Giving Your Employees a Slice of the Decision-Making-Pie

We talk a lot on this blog about the importance of letting your employees know that they matter. One way to really let your employees know that they make a difference is by giving them what we’d like to call “a slice of the decision-making-pie.”

Simply put, when someone knows their contributions are directly influencing the decision making process, then they actually feel like they are making an impact on the company. In turn, they realize their importance, which will most likely boost their productivity and drive.

It’s important to get your employees involved in the decision-making process, and here’s why:

Employees have great insight into your company

You don’t need to be the CEO to have good insight into what’s going on within the company—in fact, employees might actually have a lot more to say about a certain area than you do as the big boss.

We don’t want to turn this into an “us against them” battle—because it isn’t—but it’s very important to recognize that when your employees are working hard on a specific task every day, they’re likely to have insights that you wouldn’t about that subject.

These insights are great assets to have, but many employers don’t take advantage of them because they aren’t confident enough in what their employees have to say. In that case, your employees are much more likely to hold back, keeping you out of the loop and slowing down what could be high productivity.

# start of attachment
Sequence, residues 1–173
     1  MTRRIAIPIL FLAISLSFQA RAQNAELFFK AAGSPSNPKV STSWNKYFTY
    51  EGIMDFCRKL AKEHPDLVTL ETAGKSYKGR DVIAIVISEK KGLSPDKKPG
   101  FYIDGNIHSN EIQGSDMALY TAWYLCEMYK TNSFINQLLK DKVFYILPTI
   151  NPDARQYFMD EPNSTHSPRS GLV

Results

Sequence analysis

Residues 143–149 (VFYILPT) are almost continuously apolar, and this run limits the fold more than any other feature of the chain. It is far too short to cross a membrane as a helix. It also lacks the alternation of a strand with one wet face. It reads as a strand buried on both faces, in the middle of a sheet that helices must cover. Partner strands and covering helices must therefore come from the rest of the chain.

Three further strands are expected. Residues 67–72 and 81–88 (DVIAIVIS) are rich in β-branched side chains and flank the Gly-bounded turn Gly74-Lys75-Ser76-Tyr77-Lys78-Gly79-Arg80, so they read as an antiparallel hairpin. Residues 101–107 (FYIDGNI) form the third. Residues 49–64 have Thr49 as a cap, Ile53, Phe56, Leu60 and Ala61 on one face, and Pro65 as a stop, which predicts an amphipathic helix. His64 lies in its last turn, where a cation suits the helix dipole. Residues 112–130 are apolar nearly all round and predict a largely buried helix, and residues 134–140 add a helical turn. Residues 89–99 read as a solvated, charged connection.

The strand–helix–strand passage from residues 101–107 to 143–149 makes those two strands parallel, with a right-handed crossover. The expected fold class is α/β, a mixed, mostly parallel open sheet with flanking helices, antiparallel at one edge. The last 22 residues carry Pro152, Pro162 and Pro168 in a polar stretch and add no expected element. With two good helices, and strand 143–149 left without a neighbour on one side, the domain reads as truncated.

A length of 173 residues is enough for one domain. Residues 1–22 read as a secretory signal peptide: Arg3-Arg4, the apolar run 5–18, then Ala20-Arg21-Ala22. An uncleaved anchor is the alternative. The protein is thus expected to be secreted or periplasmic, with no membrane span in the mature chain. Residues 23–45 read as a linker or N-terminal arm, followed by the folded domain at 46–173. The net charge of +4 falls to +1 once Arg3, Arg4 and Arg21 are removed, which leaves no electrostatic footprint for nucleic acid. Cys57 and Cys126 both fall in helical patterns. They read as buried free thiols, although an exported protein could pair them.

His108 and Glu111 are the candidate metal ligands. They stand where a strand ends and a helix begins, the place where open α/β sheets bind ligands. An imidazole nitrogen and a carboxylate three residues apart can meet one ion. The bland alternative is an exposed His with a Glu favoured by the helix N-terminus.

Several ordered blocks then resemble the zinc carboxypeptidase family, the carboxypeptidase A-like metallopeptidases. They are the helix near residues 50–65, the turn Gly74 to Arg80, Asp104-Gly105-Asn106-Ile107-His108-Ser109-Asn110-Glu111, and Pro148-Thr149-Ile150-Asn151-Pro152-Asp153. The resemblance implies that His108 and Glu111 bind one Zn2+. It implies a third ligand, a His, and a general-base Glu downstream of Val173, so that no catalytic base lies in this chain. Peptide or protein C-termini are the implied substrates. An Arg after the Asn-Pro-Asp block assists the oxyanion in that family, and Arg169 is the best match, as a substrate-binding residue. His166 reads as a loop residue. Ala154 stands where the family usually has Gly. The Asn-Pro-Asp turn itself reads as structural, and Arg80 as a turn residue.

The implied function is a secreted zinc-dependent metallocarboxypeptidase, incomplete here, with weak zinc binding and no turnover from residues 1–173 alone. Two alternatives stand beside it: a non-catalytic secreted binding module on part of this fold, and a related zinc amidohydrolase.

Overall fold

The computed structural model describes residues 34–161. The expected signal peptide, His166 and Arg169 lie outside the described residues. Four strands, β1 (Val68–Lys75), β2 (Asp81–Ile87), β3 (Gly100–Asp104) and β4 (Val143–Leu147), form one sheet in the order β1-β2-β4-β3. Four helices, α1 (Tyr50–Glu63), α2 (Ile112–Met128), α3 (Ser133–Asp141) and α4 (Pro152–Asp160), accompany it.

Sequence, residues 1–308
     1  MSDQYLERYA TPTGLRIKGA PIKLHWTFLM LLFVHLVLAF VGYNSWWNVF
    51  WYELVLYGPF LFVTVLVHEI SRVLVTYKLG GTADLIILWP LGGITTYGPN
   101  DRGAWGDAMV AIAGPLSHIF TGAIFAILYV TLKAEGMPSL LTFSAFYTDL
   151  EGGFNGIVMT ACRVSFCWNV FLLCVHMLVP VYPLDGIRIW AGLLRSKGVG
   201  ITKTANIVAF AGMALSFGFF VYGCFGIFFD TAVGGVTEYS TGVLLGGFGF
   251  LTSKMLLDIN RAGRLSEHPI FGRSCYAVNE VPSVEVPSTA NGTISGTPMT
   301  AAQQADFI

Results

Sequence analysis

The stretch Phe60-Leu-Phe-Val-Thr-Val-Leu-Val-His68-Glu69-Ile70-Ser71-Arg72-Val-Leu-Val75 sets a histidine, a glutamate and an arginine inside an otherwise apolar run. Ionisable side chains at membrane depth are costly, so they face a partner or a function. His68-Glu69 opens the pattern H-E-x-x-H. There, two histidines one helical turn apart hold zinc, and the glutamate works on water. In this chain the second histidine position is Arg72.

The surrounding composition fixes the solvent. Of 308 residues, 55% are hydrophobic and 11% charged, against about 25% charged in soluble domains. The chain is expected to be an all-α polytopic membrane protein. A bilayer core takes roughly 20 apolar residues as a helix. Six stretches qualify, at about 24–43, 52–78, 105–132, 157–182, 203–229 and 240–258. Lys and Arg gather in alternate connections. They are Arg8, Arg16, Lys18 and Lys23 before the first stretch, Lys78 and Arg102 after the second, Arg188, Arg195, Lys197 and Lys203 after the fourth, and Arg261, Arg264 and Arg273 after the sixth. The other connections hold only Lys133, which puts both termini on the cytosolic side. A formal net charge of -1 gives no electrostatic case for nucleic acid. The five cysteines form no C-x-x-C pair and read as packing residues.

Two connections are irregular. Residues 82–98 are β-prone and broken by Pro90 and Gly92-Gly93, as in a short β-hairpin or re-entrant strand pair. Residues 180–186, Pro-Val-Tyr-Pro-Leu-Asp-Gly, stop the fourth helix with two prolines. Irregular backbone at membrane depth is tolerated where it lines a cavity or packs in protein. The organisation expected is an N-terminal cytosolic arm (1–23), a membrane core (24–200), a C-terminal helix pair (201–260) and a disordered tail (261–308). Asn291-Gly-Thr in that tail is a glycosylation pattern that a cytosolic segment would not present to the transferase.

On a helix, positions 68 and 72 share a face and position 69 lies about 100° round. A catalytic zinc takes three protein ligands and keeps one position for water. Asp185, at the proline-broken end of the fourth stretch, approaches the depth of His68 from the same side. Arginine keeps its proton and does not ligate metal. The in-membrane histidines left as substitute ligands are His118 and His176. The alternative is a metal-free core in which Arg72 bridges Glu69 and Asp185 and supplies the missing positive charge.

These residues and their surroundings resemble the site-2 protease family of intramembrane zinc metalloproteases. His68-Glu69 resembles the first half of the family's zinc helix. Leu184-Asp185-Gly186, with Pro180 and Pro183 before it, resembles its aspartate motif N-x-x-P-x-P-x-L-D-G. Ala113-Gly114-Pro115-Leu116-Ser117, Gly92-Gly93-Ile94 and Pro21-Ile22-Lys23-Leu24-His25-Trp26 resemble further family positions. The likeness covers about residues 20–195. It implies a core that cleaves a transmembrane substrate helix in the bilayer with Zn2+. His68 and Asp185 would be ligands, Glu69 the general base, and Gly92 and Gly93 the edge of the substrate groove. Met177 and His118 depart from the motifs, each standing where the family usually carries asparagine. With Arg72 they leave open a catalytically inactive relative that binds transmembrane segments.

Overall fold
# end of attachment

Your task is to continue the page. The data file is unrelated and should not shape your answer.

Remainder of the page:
To make the most of your employees’ insights, start by letting your employees know that their contributions matter, and that what they have to say actually does influence the decision-making process. Employees are the backbone of the company, so it should go without saying that they matter—but if they don’t know that, then good luck getting some of that great first-hand knowledge they possess.

Giving employees a say creates a seamless work environment

The last thing you want in your office is some kind of “class warfare”. As TLNT contributor Tim Sackett points out, “to be truly power-less, sucks.” If an employee feels like their opinion doesn’t matter, then they will more than likely feel like their work doesn’t matter. In turn, their drive will crash and burn, which won’t do much to help you or your company.

To help combat this, do your best to level the playing field. As we mentioned above, letting your employees know that their contributions matter is an important part of making them feel appreciated. Don’t make them feel like they’re second-rate and that they’re just another cog in the machine, otherwise you might see some serious burnout.

Giving your employees a say in the decision-making process can do wonders for the company. You already know how much your employees matter—so why not show them?

Is Automated HR In Our Near Future? (Part I)

In a recent article featured on TLNT, Laurie Ruettimann, an HR professional and blogger and founder of the HR/lifestyle blog, The Cyncial Girl, issued a call to arms on behalf of the HR community.